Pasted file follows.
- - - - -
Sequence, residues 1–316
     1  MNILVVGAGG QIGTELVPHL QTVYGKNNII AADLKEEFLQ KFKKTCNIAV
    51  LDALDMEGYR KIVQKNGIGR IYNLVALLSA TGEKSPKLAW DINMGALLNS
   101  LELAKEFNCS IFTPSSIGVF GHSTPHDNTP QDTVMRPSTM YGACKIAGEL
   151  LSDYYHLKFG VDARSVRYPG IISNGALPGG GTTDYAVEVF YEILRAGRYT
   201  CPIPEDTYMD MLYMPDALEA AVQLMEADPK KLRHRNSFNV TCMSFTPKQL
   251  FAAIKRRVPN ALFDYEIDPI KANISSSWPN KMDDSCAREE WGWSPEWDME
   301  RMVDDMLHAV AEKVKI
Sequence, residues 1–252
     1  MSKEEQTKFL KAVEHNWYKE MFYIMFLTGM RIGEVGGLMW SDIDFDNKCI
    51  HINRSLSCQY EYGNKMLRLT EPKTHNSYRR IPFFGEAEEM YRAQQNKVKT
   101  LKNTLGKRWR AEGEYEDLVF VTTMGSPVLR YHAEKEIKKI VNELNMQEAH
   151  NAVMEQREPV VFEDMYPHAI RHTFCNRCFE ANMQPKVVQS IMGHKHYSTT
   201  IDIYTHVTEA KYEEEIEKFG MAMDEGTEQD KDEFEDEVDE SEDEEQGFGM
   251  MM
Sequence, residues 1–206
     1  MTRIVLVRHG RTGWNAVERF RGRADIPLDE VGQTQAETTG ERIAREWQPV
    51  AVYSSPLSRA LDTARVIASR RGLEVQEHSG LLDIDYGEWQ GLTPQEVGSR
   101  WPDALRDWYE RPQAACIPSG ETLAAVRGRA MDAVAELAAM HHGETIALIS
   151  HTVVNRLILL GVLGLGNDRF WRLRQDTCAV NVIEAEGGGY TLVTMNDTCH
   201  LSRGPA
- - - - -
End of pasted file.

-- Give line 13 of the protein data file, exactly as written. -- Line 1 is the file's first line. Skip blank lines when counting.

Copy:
   151  NAVMEQREPV VFEDMYPHAI RHTFCNRCFE ANMQPKVVQS IMGHKHYSTT